“We need to be clear this is institutional, not retail banking,” she added, regarding Bitfinex’s actions to cover up the missing $850 million. Bitfinex used customer funds from Tether to pump additional capital into itself without any “of the transparency that is associated with typical retail customer's investments” or the regulations for capital requirements that banks adhere to.
“It isn't uncommon for parent companies to bail out subsidiaries,” Frost concluded. “However, you cannot truly compare [Bitfinex/Tether] to a bank because they lack the risk management and regulations.”
So what Tether has done isn’t out of the ordinary for modern banking — but it is a scrappy, less “legitimate” version of it. The question remains, then, could more stablecoins bring this age-old banking model into maturity within the crypto ecosystem?
The Stablecoin Mold
The answer is a mixture of “they will,” and “they already have.” Though Frost argued that, “it isn't fair to compare the two” for the same reasons that Tether’s banking is so dissimilar to traditional banking: there’s zero regulation.
Poloniex parent company Circle and Coinbase’s stablecoin USDC, for example, “is fully backed by U.S. Dollars or equivalent assets held by Circle with its U.S. banking partners in segregated accounts, on behalf of, and for the benefit of, Users.” The actual benefit here may be up for debate, because, per the terms, “Circle, not the Users, will earn interest on the U.S. Dollars or equivalent assets in such accounts.”
Earning interest and dividends on customer deposits is the business of banks; after all, money isn’t put to work if it’s sitting in one place, so banks invest it to make revenue, some of which (though an arguably paltry amount of around 2 percent in the U.S.) goes back to customer savings accounts.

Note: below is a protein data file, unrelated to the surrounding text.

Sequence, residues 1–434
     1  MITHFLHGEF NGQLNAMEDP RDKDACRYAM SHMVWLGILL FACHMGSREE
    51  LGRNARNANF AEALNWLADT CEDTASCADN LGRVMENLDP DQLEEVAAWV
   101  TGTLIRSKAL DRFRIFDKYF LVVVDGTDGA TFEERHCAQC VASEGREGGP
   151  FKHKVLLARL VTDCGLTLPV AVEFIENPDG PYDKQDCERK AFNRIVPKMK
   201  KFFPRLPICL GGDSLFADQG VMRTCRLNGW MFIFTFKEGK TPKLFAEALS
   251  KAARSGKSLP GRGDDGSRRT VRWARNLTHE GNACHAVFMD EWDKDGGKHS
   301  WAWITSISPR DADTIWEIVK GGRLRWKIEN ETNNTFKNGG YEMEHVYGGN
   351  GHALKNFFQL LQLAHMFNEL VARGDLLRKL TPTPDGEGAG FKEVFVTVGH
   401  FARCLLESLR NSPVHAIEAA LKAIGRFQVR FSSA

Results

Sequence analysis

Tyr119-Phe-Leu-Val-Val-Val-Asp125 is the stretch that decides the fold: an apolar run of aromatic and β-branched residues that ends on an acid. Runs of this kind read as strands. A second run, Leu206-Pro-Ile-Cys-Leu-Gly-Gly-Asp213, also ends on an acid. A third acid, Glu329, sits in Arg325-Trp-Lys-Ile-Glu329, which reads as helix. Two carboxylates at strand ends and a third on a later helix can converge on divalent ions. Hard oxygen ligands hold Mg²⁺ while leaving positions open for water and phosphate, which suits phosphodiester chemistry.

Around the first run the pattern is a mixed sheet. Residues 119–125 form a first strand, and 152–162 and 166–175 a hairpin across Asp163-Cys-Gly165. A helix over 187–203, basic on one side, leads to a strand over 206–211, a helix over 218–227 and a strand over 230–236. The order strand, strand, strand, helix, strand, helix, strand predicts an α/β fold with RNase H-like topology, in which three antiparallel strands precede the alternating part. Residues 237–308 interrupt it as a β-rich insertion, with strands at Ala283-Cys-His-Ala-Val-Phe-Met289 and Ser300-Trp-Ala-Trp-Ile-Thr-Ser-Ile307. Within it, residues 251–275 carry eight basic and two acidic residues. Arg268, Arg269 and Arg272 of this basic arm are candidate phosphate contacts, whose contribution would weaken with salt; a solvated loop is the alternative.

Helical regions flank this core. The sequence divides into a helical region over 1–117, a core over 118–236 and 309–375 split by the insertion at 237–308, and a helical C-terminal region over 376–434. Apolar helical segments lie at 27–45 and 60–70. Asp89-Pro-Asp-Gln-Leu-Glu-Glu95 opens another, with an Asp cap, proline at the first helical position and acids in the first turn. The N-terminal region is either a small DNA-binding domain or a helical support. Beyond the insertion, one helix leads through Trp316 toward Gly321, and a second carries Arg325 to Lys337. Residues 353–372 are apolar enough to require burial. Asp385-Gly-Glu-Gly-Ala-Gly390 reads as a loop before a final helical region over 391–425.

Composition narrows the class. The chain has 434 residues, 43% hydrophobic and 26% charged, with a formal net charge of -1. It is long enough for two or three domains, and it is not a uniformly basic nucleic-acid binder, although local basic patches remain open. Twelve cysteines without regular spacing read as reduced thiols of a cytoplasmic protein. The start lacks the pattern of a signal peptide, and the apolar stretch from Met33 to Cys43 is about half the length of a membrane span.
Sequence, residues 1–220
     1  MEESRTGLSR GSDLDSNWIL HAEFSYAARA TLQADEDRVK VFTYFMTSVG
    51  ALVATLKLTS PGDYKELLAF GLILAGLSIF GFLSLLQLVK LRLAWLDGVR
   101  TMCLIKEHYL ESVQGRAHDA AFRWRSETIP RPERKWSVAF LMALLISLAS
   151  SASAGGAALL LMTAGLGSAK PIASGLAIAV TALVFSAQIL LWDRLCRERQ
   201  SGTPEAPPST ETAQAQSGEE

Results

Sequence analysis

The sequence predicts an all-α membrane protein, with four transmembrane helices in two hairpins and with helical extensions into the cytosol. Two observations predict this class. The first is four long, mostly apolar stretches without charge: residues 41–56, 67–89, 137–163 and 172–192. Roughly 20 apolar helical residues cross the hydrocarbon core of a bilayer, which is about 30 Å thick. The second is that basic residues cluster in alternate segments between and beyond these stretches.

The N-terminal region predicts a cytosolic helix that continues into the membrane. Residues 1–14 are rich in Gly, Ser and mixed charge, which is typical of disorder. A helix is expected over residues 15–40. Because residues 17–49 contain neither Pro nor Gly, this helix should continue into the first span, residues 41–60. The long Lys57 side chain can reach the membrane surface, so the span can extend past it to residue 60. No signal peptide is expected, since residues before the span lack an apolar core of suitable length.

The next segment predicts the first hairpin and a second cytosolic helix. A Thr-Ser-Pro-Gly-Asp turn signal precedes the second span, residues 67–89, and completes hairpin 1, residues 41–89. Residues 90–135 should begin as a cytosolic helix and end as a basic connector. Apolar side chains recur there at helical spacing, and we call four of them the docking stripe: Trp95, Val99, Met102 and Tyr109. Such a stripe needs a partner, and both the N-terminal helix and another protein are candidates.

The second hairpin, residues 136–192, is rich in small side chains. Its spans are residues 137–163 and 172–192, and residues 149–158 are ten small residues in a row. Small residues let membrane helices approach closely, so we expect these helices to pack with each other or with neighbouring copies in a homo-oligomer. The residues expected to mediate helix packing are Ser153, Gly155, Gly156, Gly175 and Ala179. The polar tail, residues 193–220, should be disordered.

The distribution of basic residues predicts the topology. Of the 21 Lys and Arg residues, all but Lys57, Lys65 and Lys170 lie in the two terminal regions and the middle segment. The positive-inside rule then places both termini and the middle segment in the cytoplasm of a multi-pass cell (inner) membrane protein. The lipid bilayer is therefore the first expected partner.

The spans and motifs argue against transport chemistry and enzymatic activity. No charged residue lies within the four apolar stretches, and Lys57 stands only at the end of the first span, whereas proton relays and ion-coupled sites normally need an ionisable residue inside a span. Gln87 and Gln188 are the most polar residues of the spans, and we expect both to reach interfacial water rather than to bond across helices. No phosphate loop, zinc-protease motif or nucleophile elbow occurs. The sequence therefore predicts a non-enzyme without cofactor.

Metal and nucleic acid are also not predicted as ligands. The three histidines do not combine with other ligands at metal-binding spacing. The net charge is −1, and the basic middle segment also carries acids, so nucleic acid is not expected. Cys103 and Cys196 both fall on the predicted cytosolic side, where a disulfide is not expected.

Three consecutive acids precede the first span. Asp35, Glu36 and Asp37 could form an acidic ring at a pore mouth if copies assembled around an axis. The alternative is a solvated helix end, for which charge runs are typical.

Most all fiatcoin issuers make no such promises of interest for their customers. Winklevoss-owned Gemini notes that its GUSD “is strictly pegged 1:1 to the U.S. dollar … correspond[ing] to a U.S. dollar held across one or more omnibus bank accounts,” though “the monies within which are used to purchase money market funds invested in securities issued or guaranteed by the United States or certain U.S. government agencies or instrumentalities.”
TrustToken claims that “each TrueCurrency token is backed by an equivalent amount of fiat deposits,” but that it may “utilize sweep accounts that can protect the deposits through overnight investments in U.S. Government Treasuries” and that, for its GPB equivalent, “U.K. Government Treasuries may be utilized for GBP deposits.”
Sometime after Tether established a credit line with Bitfinex, the stablecoin’s website updated its information to clarify that USDT is backed by “reserves … includ[ing] traditional currency and cash equivalents and, from time to time, may include other assets and receivables from loans made by Tether to third parties, which may include affiliated entities.” The last bit regarding loans from affiliated entities likely refers to the deal in question with Bitfinex.
The Old New Thing
On the surface, the reserves of Tether’s competitors are diversified with the clients in mind. At least, the common response I received when asking issuers why they held assets other than cash was one of risk mitigation.
“This is another measure we've taken to ensure nothing happens to the 100 percent reserves backing TrueUSD,” Tory Reiss, co-founder and head of business development at TrustToken, told Bitcoin Magazine. “There is a cap to FDIC insurance for USD and no FDIC insurance for non-USD fiat. Therefore, instead of relying on the solvency of banks, we decided to mitigate risk by relying on the solvency of governments.”